ensure that it is practically feasible. It is thus relevant that pre-testing of one of its main
strategies was carried out. The Handeni Pilot Project should give a clearer picture of the
extent of work that lies ahead if property formalization, in this case land according to the
Village Land Act No 5 of 1999, is to be effected country wide.

There are pertinent issues and situations that the pilot should be able to expose, and
which have to be analyzed and considered in future, and these among others include:

Organization of work
      An intervention of this type and of the foreseeable magnitude (according to the
      PBFP) requires some kind of implementation standards to ensure consistency and
      harmony in both process and outcomes. Small as the Handeni Pilot Project team
      was, there were quite noticeable differences in perceptions, techniques and
      outcomes, and in what for instance, PRA is (or isn’t), and of the understanding of
      the various tools and their applications. The diversity in backgrounds and
      experiences in teams can only be harmonized by preparation of standard
      guidelines that should ensure that the same process takes place in each village and
      a set of results is obtained in the same format. The same guidelines could be the
      basis for orientation workshops in the preparation for fieldwork.

        As regards the training of the teams, district, ward and village, the programme
        might need to do more. It might wish to borrow a bit on the methodology and
        process from the former PORALG’s (now PMORALG) O&OD, that is much
        more inclusive and intensive, but effectively builds capable and confident teams
        at all levels, ones that can carry out the process in future on their own.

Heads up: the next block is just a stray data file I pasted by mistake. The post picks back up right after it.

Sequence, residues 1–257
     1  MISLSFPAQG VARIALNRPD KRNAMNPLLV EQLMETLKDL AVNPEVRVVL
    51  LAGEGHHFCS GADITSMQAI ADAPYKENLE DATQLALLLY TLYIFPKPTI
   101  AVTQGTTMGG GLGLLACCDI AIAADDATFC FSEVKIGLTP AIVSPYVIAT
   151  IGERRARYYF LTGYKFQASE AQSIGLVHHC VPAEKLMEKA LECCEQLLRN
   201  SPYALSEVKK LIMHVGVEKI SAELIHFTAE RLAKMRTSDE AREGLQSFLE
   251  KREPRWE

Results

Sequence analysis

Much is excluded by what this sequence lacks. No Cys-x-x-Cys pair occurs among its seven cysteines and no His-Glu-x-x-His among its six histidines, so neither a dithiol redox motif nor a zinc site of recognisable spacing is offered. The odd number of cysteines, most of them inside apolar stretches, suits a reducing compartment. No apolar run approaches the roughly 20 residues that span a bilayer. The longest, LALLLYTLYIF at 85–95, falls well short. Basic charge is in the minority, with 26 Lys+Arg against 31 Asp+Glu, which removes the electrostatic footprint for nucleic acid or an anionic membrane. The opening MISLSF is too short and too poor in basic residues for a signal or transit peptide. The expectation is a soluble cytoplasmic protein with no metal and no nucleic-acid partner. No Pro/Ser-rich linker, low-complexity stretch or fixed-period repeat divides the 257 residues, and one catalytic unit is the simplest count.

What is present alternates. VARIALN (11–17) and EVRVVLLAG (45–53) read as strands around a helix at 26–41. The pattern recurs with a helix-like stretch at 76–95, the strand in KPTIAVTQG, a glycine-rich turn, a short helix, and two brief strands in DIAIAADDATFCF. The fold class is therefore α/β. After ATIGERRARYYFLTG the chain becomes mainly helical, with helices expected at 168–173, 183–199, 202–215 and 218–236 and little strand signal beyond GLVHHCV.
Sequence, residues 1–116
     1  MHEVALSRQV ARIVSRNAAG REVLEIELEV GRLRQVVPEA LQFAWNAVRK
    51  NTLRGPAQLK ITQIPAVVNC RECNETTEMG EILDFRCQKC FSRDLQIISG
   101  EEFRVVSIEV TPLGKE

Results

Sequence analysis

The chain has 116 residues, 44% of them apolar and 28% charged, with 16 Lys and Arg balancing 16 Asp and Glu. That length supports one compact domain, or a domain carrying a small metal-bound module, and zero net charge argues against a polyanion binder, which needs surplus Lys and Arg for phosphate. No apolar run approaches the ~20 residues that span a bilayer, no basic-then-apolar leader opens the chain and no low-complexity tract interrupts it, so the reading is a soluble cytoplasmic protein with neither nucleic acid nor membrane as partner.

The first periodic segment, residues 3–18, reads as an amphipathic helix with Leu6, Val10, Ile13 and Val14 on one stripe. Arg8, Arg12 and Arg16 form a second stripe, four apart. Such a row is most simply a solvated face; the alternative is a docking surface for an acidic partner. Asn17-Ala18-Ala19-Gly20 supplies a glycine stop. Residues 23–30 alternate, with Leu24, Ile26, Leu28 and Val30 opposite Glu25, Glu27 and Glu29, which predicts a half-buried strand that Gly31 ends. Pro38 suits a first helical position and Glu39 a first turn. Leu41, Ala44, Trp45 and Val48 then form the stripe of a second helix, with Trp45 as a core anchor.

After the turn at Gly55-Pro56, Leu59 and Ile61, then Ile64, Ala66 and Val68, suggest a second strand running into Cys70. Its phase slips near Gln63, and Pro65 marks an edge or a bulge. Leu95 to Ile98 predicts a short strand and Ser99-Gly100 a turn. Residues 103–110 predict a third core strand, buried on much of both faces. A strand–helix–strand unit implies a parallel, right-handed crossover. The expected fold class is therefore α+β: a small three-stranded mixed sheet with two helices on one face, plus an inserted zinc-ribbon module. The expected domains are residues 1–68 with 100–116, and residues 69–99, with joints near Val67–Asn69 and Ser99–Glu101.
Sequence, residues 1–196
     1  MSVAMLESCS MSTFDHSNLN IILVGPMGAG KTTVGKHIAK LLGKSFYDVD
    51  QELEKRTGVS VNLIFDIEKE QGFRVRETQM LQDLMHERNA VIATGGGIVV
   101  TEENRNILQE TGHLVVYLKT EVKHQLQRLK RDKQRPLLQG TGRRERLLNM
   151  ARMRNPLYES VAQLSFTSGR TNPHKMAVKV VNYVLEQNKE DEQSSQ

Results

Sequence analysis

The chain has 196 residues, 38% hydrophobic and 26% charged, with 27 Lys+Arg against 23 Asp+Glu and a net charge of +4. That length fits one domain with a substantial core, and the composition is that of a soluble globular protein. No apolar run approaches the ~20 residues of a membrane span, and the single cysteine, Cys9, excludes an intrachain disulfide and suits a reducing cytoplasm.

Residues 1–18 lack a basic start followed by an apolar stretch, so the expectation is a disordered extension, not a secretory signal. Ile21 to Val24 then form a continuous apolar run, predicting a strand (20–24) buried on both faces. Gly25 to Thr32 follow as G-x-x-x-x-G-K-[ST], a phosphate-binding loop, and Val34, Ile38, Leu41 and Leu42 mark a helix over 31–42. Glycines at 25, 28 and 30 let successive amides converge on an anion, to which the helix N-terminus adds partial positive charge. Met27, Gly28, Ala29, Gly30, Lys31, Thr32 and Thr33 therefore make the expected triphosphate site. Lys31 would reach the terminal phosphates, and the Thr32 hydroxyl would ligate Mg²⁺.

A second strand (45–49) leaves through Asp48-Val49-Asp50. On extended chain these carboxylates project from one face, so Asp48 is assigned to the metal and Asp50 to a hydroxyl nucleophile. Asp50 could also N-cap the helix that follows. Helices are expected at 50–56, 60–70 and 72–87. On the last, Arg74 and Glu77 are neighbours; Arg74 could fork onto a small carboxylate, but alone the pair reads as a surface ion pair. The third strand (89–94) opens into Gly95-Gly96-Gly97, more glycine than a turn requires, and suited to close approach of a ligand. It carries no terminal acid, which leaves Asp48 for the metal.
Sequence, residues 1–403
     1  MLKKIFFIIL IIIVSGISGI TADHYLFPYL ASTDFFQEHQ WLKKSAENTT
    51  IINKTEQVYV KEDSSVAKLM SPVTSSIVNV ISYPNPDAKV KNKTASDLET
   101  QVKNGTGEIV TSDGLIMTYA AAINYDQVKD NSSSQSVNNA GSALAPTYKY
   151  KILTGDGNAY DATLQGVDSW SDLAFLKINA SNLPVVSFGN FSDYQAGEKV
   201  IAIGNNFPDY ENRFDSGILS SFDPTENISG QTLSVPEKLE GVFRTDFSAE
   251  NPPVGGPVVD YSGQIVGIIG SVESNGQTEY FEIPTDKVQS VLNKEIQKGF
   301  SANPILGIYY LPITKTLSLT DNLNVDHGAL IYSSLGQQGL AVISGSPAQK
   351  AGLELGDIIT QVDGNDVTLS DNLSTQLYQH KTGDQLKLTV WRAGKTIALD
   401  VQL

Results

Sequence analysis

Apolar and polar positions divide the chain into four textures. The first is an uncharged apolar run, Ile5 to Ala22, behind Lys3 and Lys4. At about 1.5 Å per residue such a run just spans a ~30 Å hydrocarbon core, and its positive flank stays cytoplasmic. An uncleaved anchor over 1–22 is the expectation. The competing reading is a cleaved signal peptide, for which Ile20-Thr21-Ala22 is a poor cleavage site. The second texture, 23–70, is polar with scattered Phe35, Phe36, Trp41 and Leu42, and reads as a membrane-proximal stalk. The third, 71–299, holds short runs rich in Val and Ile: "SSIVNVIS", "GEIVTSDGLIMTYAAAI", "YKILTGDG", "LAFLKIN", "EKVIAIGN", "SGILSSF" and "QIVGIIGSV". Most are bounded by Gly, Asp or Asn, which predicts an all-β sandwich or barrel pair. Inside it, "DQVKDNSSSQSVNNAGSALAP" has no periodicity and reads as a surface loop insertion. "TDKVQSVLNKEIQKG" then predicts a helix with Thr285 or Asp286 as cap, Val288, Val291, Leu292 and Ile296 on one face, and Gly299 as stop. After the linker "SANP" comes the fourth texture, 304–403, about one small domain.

MKURABITA must have its own ideas as to how it wants to draw and adapt to
        the lessons from Handeni. However, it might be useful if a workshop to
        synthesize lessons from Handeni could be organized, where also a strategy to
        incorporate them into the future could be charted out. Some of the participants
        could come from the current pilot team, PORALG’s / (PMORALG) experts on
        O&OD and from the National Land Use Planning Commission. The emphasis
        here is on approach and methodology.

Community participation
    In this case, community participation was mainly manifested in:
             Boundary adjudication process
             Situation analysis using PRA – using such tools as participatory mapping,
             historical timelines, focused group discussions, transect walk, Venn
             diagramming and pair wise ranking.
             Proposals for land use plans
             Issue based workshops.

       Participation begins with appropriate sharing of the vision of the project, thus, a
       proper stakeholder orientation to the programme and plan of work in order to
       achieve shared objectives, should have been made a priority. There was little
       community awareness carried out on the mission of the pilot project. Each step of
       the intervention unfolded itself to the community almost in isolation of the others.
       It was only towards the end of the process, during application of certificates of
       customary right of occupancy, that most people realized what the programme was
       driving at.

       Additionally, the village council and general assembly meetings that could have
       been used to introduce the project and mobilize community support were omitted.
       The Village Executive Officers possibly with consultation with the village
       chairmen nominated the PRA teams. These should have been selected by the
       general assemblies, with the knowledge of their roles at the back of their minds.

       The issue under consideration and anticipated outcomes determine the choice of
       PRA tools. Obviously, tools like livelihoods analysis and wealth ranking were
       surprise omissions. If the programme took the poorest of the poor into
       consideration, there would be no way to focus on them if they cannot be
       identified. But then of course if there is no agenda for this type of people, then